Washington – The raging Mississippi River continued to hold the US South in the grip of record-breaking floods on Monday as low-lying parts of Louisiana succumbed to the onslaught.
Officials reminded residents to stay clear of the edges of the flood to avoid dangerous animals unleashed by the floods. The Louisiana Department of Health and Hospitals has urged residents near the river to be ‘on the lookout for dangerous wildlife … such as snakes, rats, alligators or any frightened animal.’
in Vicksburg, Mississippi, one of the poorest US states, most of about two dozen casinos were closed due to flooding, adding to the financial misery of the state.
‘All these casinos and hotels along the river are going to have problems with alligators and snakes,’ said Alicia Brooks, a Vicksburg retail store worker, as she watched.
Floodgates at the Morganza Spillway have been opened for the first time in four decades to try to reduce the river’s flood levels at Louisiana’s capital, Baton Rouge, and also New Orleans downriver.
UP to 25,000 people are expected to be affected by the intentional overflow from the spillway. The water was being let in gradually to reduce the force of the water and the wave damage it could cause to inundated buildings, roads and other structures that might later be repairable.
The crest of the flood, which has been moving downstream since early May, is expected to hit New Orleans and the Mississippi Delta region – home to 450,000 people – by the weekend.
The water levels in the region already started receding since the spillway was opened, the Times Picayune newspaper reported Monday.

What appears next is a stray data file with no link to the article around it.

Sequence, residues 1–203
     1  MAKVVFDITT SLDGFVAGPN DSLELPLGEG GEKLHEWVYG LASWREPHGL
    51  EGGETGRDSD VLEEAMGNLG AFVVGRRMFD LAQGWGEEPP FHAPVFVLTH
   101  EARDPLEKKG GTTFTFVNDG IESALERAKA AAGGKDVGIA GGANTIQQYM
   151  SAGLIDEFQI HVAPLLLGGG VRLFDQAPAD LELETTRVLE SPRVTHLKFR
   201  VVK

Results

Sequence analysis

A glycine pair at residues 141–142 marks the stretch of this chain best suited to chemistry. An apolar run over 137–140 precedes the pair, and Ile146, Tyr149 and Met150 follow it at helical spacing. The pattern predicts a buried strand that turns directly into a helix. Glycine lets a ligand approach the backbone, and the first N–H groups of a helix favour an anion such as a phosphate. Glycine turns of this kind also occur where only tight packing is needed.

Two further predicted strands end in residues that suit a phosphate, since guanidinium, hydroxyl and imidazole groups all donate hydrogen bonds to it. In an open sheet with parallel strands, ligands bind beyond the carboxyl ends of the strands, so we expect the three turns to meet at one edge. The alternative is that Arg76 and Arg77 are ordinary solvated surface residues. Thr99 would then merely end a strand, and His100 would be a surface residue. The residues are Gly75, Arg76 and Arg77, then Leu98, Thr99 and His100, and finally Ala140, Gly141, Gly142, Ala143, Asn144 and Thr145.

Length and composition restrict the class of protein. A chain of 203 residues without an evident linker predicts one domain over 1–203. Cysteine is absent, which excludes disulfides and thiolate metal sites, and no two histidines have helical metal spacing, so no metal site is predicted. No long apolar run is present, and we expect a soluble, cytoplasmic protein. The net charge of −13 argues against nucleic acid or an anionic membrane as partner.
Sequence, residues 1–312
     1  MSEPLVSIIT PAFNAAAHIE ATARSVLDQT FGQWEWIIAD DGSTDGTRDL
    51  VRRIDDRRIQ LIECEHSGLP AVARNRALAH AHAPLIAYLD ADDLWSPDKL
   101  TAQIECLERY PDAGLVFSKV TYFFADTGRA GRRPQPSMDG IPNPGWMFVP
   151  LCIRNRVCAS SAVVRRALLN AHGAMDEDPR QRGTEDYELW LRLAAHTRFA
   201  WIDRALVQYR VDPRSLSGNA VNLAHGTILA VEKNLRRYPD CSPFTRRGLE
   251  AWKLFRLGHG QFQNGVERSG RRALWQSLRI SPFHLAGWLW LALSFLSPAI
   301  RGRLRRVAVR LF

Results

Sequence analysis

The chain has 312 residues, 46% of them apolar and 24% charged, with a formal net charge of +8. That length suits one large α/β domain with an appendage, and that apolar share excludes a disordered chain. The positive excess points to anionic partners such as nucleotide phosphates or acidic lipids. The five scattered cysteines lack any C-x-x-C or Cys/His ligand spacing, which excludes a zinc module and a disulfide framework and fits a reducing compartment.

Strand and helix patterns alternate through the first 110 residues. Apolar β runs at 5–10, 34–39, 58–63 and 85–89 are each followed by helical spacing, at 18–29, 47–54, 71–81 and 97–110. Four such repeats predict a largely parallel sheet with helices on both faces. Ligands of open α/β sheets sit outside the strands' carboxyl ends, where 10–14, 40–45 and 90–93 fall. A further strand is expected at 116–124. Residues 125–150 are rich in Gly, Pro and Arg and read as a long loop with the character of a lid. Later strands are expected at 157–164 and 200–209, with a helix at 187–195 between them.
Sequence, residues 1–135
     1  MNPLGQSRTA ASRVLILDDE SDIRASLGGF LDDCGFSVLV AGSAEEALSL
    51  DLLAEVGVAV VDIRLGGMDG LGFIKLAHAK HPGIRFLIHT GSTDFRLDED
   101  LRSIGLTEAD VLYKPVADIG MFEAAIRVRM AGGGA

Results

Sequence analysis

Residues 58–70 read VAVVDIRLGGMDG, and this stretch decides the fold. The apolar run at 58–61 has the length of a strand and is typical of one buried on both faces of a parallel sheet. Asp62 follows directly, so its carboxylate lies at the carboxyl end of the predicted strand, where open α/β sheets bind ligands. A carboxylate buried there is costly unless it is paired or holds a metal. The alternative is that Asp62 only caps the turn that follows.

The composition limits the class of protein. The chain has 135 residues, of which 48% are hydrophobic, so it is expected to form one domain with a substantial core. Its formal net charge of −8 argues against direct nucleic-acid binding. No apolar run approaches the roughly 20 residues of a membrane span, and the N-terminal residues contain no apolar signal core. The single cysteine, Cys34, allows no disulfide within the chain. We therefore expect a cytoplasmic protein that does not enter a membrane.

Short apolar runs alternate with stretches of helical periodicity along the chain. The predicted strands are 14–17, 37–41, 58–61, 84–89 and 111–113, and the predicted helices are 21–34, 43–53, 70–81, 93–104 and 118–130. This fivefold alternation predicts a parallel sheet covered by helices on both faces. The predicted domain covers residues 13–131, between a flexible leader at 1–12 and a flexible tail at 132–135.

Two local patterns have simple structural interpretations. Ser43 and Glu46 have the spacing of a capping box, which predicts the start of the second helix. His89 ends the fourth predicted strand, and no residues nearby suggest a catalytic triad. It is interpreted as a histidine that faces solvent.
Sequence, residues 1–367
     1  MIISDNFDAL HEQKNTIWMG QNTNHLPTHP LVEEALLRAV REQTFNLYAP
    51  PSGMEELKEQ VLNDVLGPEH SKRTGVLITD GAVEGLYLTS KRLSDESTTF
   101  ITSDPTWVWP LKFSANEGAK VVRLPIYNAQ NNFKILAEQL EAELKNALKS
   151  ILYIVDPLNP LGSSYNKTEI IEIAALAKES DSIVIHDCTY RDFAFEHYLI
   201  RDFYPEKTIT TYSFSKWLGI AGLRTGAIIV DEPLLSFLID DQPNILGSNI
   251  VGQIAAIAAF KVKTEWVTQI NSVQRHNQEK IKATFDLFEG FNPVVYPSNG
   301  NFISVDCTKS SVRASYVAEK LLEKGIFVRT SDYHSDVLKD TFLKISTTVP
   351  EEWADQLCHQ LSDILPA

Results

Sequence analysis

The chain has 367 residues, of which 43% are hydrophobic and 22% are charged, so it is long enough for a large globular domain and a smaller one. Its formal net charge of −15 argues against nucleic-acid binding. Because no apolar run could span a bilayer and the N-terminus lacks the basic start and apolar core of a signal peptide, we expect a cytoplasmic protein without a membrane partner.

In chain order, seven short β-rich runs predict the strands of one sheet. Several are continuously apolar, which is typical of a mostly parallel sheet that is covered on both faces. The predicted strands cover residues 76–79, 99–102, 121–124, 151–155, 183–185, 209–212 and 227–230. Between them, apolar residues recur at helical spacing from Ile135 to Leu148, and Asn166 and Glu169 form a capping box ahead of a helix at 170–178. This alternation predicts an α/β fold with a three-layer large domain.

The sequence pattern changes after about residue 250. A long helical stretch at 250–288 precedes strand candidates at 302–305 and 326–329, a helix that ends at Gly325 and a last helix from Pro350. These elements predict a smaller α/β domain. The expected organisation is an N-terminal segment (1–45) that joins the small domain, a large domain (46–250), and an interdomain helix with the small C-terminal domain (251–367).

US President Barack Obama was expected in Memphis, Tennessee, Monday, to meet with victims of the flooding. The crest of the North American continent’s longest river hit the city of blues early last week, leaving many families homeless. Obama also planned to speak at the graduation ceremony of a local high school.
According to the Army Corps of Engineers, more spillways could be opened in the coming days to protect larger towns and cities. Thousands of hectares of prime farmland and thousands of buildings are expected to be destroyed.
Reports from Louisiana indicted that many were packing up belongings to flee ahead of the waters, which would take days to rise, but large numbers of people in the swamplands were expected to try to ride out the high water at home.
Local and state authorities were trying to aid the evacuations of people who wished to leave.
Flooding on the Mississippi started hundreds of ilometres upstream and has been gradually flowing down the massive iver basin, which drains the central half of the United States from the Appalachians to the Rocky Mountains.